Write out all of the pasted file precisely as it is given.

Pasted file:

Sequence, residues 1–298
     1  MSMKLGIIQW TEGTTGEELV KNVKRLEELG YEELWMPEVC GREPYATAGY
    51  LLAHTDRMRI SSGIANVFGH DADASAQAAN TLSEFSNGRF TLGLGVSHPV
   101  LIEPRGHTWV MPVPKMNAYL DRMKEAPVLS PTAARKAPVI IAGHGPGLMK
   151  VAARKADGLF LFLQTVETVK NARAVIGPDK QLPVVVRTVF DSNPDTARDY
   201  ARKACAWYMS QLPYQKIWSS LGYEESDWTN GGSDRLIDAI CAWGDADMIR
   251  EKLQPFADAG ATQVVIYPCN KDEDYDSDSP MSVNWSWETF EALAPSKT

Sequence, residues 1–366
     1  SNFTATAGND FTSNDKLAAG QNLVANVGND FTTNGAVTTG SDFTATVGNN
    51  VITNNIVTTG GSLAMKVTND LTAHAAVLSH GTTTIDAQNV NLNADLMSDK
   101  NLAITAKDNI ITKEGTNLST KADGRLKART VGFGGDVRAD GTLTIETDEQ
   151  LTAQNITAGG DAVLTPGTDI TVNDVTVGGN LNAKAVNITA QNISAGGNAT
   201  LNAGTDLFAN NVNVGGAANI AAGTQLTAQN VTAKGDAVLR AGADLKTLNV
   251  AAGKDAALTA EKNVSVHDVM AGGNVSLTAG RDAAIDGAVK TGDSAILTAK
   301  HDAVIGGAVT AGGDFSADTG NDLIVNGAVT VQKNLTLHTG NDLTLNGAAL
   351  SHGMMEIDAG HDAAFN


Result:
Sequence, residues 1–298
     1  MSMKLGIIQW TEGTTGEELV KNVKRLEELG YEELWMPEVC GREPYATAGY
    51  LLAHTDRMRI SSGIANVFGH DADASAQAAN TLSEFSNGRF TLGLGVSHPV
   101  LIEPRGHTWV MPVPKMNAYL DRMKEAPVLS PTAARKAPVI IAGHGPGLMK
   151  VAARKADGLF LFLQTVETVK NARAVIGPDK QLPVVVRTVF DSNPDTARDY
   201  ARKACAWYMS QLPYQKIWSS LGYEESDWTN GGSDRLIDAI CAWGDADMIR
   251  EKLQPFADAG ATQVVIYPCN KDEDYDSDSP MSVNWSWETF EALAPSKT

Sequence, residues 1–366
     1  SNFTATAGND FTSNDKLAAG QNLVANVGND FTTNGAVTTG SDFTATVGNN
    51  VITNNIVTTG GSLAMKVTND LTAHAAVLSH GTTTIDAQNV NLNADLMSDK
   101  NLAITAKDNI ITKEGTNLST KADGRLKART VGFGGDVRAD GTLTIETDEQ
   151  LTAQNITAGG DAVLTPGTDI TVNDVTVGGN LNAKAVNITA QNISAGGNAT
   201  LNAGTDLFAN NVNVGGAANI AAGTQLTAQN VTAKGDAVLR AGADLKTLNV
   251  AAGKDAALTA EKNVSVHDVM AGGNVSLTAG RDAAIDGAVK TGDSAILTAK
   301  HDAVIGGAVT AGGDFSADTG NDLIVNGAVT VQKNLTLHTG NDLTLNGAAL
   351  SHGMMEIDAG HDAAFN